When winter came in 19th century America, it was out with the thin linen cloths to protect the fruit still on the trees.
Another 16th century mention for multiple-variety fruit tree grafting suggests it was quite a common practice for the time.
As this 16th century quotation shows, the concept of the multi-variety ‘family’ fruit tree is not a new one.
Hot stomake? Pissing in drops? Dry skin? Gonnhorrhaea? Smallpox scars? John Gerard has a remedy for that, and it’s cheaper than you might think…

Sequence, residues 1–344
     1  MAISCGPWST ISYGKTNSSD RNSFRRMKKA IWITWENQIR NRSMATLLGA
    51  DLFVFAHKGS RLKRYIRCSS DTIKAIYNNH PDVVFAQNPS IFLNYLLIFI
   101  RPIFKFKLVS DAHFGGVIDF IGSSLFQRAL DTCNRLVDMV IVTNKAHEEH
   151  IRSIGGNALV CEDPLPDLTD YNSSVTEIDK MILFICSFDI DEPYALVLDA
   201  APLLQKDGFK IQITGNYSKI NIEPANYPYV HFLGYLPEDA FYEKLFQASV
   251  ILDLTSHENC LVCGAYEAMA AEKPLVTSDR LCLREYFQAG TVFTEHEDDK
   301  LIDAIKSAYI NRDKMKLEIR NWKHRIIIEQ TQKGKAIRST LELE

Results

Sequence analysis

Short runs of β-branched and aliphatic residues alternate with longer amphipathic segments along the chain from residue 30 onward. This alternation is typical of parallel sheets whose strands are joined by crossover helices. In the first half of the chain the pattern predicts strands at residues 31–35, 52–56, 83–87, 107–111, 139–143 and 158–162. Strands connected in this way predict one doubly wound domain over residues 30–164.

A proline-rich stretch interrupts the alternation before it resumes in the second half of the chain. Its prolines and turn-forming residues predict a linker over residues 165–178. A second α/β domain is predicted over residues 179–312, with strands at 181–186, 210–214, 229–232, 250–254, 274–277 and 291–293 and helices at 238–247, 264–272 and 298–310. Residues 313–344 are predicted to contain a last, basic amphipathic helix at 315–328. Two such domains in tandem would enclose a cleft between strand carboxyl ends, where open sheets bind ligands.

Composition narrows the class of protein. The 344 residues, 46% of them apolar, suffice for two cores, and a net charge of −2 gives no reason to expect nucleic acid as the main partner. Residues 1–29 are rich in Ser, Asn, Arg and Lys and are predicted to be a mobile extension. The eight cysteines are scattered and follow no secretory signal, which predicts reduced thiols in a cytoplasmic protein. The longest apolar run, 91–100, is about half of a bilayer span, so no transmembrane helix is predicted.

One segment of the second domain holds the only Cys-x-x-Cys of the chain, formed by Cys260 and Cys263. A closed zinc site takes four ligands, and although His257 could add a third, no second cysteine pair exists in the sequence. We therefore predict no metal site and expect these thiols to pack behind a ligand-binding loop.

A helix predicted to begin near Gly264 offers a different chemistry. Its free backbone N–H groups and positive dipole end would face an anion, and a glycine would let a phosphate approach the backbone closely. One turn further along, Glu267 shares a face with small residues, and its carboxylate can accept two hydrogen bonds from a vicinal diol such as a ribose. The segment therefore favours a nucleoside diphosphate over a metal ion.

Not sure when to graffe your peares, wardens or apples? Here’s Master F. to set you straight.
Bubonic Plague? Pleurisy? Gervase Markham has just the thing to get you back on your feet again.
Here’s a 16th century guide to assembling your graffynge kit, which every good housbande should keep to hand.
Another good example of the almost scientific level of knowledge in C17th pomology.
This 17th century snippet seems to be a method for making Brimstone-flavoured cider, unless I’ve read it wrong..?